Africa’s Low COVID-19 Figures: Not Coronavirus, But Hunger Will Kill Us

Written by | Thursday, May 14th, 2020

“We will only win this battle with a coordinated global response” the EU Commission President Ursula von der Leyen proclaimed last month as she announced a €15 billion fund to help poor countries, including in Africa, to fight COVID-19. With a great deal of attention and funding focused on Africa, there were fears that much of the continent would be overwhelmed, with many countries beset with weak healthcare systems, corrupt governments, war or mega cities where social distancing would be impossible. Yet, in reality, a couple of week later, most African countries aren’t reporting many cases, which might be in part due to a lack of testing, and even not many deaths.
In a continent of 1.3 billion people — 17% of the world’s population — Africa accounts for less than 1% of the number of infections and the number of deaths. As one Senegalese academic, Felwine Sarr, put it succinctly: “The Europeans are worried about us, but we are worried about them.” To answer to the obvious question ‚why?‘, experts, politicians and journalists suggest many possible explanations, raging from under-reporting; that tests are simply not being done and people aren’t recognising the symptoms; demographics because 60% of people are under the age of 65, or because some countries locked down early and hard.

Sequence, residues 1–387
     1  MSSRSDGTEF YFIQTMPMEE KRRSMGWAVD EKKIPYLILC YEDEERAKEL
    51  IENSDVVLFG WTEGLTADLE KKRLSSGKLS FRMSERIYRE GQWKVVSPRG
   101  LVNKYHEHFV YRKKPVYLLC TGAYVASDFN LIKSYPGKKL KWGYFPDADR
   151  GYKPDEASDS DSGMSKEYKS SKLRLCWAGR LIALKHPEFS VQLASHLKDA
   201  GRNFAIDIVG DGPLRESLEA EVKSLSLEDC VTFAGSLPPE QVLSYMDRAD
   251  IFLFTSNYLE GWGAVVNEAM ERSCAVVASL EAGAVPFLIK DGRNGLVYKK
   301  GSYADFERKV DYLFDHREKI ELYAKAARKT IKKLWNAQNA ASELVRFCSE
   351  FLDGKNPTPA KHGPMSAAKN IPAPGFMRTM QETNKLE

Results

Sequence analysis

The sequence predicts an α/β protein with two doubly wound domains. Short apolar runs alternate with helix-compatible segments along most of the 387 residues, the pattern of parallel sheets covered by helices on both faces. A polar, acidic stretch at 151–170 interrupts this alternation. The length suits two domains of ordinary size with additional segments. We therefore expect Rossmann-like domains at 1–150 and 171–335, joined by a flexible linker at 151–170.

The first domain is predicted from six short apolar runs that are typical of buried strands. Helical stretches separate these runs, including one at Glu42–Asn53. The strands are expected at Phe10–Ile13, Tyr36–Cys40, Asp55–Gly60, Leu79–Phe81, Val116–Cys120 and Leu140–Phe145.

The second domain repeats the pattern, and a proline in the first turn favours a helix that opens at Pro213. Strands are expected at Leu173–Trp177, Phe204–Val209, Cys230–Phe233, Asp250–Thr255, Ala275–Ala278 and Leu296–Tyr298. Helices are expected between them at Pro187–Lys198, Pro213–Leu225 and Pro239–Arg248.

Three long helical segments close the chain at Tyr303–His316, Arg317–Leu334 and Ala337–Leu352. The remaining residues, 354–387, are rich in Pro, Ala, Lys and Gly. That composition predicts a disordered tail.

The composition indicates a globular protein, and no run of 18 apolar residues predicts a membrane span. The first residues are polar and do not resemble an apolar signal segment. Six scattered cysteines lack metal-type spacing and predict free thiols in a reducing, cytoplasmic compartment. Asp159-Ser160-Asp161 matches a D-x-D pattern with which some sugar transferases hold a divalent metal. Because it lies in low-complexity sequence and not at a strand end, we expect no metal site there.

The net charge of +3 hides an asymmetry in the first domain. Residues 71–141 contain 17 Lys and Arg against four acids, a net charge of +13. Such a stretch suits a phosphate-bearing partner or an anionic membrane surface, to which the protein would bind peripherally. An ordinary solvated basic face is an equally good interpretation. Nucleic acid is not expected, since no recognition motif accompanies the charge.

But, the most plausible explanation may also be that the virus simply has not properly taken hold in Africa yet, as we are still very much in the early stages of this global pandemic. As most of Africa not as well connected with the rest of the world as is the case with Europe or North America, the virus may eventually take hold. Still, this does not mean that the world’s poorest continent is not being hit hard by the coronavirus. A World Bank report estimates that this year, Sub-Saharan Africa will to suffer its first recession in 25 years and the region’s economy could shrink by as much as 5.1%. Ultimately, while we hope Africa will manage to escape the dire „Italian scenario‘ of the coronavirus health crisis, it seems inevitable that, economically, the poorest people will yet again be hit hardest, with devastating consequences.

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